<input id="email" type="email" class="form-control @error('email') is-invalid @enderror" 
                                        name="email" value="{{ old('email') }}" required autocomplete="email">
                                    @error('email')
                                        <span class="invalid-feedback" role="alert">
                                            <strong>{{ $message }}</strong>
                                        </span>
                                    @enderror
                                </div>
                            </div>

                            <div class="form-group row">
                                <label for="password" class="col-md-4 col-form-label text-md-right">{{ __('Password') }}</label>
                                <div class="col-md-6">
                                    <input id="password" type="password" class="form-control @error('password') 
                                        is-invalid @enderror" name="password" required autocomplete="new-password">
                                    @error('password')
                                        <span class="invalid-feedback" role="alert">
                                            <strong>{{ $message }}</strong>
                                        </span>
                                    @enderror
                                </div>
                            </div>

                            <div class="form-group row">
                                <label for="password_confirmation"
                                       class="col-md-4 col-form-label text-md-right">{{ __('Password Confirmation') }}</label>
                                <div class="col-md-6">
                                    <input id="password_confirmation" type="password"
                                           class="form-control @error('password_confirmation') is-invalid @enderror"
                                           name="password_confirmation"
                                           required autocomplete="new-password">
                                    @error('password_confirmation')
                                    <span class="invalid-feedback" role="alert">
                                        <strong>{{ $message }}</strong>
                                    </span>
                                    @enderror
                                </div>
                            </div>

                            <div class="form-group row">
                                <label for="country_code" class="col-md-4 col-form-label text-md-right">{{ __('Country Code') }}</label>
                                <div class="col-md-6">
                                    <select id="country_code" name="country_code" class="form-control @error('country_code') is-invalid @enderror">
                                        <option value="">Country Code</option>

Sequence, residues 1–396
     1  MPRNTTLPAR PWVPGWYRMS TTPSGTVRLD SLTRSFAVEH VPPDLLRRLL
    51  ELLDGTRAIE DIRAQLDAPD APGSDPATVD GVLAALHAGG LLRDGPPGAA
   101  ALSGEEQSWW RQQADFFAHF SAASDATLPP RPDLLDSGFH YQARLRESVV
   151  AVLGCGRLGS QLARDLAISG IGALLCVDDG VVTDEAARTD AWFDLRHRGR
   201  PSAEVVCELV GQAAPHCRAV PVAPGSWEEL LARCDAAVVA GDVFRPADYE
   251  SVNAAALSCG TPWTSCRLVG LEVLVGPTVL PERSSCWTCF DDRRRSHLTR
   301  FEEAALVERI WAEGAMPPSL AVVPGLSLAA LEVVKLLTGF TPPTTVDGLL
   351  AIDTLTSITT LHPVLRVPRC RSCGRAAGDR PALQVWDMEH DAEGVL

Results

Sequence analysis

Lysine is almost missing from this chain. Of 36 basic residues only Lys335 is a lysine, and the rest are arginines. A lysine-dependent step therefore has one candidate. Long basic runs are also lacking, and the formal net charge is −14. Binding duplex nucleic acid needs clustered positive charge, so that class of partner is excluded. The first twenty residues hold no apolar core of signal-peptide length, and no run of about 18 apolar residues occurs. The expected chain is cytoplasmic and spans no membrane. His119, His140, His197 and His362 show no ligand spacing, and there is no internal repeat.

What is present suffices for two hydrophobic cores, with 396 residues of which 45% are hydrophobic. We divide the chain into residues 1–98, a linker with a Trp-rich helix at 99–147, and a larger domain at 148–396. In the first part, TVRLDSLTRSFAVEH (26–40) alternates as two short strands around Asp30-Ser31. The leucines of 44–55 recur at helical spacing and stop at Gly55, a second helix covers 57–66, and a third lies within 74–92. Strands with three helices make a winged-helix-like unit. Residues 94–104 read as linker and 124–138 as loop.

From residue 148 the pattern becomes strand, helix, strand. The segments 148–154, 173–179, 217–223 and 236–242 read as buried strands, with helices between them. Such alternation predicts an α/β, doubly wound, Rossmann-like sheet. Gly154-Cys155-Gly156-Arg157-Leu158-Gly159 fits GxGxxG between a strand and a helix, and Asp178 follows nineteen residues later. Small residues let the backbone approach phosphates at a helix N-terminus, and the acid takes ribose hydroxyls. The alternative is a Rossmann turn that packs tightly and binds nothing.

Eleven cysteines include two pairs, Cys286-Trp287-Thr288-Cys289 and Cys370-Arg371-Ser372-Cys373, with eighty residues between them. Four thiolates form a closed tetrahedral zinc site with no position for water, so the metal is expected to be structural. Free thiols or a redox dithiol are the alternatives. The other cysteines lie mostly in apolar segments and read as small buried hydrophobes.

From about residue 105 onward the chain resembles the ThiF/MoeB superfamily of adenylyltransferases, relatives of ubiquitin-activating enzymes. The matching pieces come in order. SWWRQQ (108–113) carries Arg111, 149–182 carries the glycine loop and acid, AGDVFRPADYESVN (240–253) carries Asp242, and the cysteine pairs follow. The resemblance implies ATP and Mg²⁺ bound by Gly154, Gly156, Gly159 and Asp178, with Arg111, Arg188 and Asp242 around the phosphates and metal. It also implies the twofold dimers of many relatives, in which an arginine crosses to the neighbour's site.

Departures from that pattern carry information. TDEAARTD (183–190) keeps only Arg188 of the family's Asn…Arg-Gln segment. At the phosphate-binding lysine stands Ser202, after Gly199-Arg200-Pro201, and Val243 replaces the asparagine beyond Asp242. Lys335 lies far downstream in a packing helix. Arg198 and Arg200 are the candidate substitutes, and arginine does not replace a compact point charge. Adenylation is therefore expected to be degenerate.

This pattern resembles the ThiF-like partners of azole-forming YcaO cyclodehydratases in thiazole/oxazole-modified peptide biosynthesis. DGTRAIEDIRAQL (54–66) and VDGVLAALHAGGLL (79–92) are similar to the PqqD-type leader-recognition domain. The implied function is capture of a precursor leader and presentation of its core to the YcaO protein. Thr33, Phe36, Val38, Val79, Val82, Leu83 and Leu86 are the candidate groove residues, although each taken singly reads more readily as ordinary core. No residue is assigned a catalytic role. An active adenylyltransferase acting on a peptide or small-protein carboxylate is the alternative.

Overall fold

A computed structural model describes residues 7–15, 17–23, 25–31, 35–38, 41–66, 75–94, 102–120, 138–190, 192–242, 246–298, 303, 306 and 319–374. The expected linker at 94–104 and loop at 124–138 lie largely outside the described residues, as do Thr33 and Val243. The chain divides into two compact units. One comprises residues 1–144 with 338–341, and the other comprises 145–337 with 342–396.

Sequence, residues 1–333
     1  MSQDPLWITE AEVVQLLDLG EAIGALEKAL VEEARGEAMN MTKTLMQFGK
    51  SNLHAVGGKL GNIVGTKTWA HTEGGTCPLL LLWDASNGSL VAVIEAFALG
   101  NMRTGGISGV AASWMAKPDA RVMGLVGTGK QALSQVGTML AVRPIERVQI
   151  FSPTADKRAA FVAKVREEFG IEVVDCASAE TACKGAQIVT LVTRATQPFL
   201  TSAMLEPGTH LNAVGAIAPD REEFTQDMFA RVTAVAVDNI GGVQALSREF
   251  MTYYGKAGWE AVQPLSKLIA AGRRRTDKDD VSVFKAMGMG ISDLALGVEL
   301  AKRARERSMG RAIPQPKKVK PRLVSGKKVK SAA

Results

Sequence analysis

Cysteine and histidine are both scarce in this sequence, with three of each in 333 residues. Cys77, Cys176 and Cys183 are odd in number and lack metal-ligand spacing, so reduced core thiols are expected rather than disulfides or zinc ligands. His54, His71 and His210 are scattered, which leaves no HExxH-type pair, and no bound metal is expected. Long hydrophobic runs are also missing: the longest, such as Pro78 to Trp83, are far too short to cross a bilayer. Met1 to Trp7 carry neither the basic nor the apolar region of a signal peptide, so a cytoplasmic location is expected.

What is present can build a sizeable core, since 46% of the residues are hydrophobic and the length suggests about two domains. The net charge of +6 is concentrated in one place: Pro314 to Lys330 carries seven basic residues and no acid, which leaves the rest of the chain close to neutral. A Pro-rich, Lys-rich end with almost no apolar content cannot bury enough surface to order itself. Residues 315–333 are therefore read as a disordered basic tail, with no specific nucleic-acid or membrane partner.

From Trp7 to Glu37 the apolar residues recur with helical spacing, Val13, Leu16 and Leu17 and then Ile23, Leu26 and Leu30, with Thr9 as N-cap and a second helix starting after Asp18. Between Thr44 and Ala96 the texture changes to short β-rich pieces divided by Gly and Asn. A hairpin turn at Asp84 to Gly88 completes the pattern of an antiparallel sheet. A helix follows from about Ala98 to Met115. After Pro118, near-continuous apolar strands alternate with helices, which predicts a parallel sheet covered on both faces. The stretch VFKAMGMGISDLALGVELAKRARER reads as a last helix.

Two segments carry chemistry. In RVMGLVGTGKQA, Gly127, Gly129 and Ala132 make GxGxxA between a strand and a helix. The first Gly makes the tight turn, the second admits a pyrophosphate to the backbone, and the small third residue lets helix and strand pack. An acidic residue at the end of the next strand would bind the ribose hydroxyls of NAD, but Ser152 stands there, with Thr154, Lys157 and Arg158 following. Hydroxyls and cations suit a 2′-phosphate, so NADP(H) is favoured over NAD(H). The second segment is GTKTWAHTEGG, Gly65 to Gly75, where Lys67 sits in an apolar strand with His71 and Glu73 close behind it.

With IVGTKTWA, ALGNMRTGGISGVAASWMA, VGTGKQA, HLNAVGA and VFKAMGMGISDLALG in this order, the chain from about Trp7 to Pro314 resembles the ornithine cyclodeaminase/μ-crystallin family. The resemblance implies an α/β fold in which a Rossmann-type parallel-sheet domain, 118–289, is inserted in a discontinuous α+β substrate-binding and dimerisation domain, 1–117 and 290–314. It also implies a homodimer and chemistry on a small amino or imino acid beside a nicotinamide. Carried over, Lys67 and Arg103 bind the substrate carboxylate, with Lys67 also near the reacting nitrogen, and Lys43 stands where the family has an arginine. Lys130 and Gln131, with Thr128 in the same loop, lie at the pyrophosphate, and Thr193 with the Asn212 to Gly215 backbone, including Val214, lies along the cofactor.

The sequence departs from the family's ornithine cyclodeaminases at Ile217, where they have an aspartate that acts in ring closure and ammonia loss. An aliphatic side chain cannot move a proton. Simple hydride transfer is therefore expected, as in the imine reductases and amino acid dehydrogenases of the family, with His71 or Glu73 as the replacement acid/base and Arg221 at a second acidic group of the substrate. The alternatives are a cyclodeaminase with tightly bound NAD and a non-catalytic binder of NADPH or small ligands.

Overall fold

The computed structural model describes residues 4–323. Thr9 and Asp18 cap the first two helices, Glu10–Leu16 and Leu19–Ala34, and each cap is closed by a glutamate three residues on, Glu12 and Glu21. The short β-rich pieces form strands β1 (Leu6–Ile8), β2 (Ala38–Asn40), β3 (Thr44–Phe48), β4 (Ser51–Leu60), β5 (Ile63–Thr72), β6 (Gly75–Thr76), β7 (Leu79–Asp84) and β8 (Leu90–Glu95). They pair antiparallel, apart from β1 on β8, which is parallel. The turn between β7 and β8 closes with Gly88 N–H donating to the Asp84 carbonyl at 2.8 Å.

<option value="+234">Nigeria (+234)</option>
                                        <option value="+234">United States (+1)</option>
                                        <option value="+234">United Kingdom (+44)</option>
                                    </select>
                                    @error('country_code')
                                    <span class="invalid-feedback" role="alert">
                                        <strong>{{ $message }}</strong>
                                    </span>
                                    @enderror
                                </div>
                            </div>

                            <div class="form-group row">
                                <label for="phone_number" class="col-md-4 col-form-label text-md-right">{{ __('Phone Number') }}</label>
                                <div class="col-md-6">
                                    <input id="phone_number" type="text" name="phone_number" class="form-control @error('phone_number') 
                                        is-invalid @enderror" name="email" value="{{ old('email') }}" required>
                                    @error('phone_number')
                                    <span class="invalid-feedback" role="alert">
                                            <strong>{{ $message }}</strong>
                                        </span>
                                    @enderror
                                </div>
                            </div>

                            <div class="form-group row mb-0">
                                <div class="col-md-6 offset-md-4">
                                    <button type="submit" class="btn btn-primary">
                                        {{ __('Register') }}
                                    </button>
                                </div>
                            </div>
                    </form>
                </div>
            </div>
        </div>
    </div>
</div>
@endsection

Register Users on Authy after Signup

To use Authy in our project, we need to install the authy php package. However, before we can do that, we need to update composer.json. This is because, at the time of writing, the latest stable version of the authy php package requires GuzzleHTTP 6, whereas the latest stable version of GuzzleHTTP is 7.2.0.

So in composer.json set minimum-stabilityto rcand prefer-stableto true, as in the example below:

    "minimum-stability": "rc",
    "prefer-stable": false,

Then, install authy/php with the command below:

composer require authy/php

Next, retrieve your Authy key from your Twilio console and add it to your .env file as shown below:

AUTHY_SECRET=XXXXXXXXXXXXXXXXXXXX